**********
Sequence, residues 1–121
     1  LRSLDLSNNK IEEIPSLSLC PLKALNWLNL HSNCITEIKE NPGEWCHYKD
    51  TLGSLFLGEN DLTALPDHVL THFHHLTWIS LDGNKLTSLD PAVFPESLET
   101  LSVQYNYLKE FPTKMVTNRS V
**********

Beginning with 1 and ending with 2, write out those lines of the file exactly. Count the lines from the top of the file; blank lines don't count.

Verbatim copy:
Sequence, residues 1–121
     1  LRSLDLSNNK IEEIPSLSLC PLKALNWLNL HSNCITEIKE NPGEWCHYKD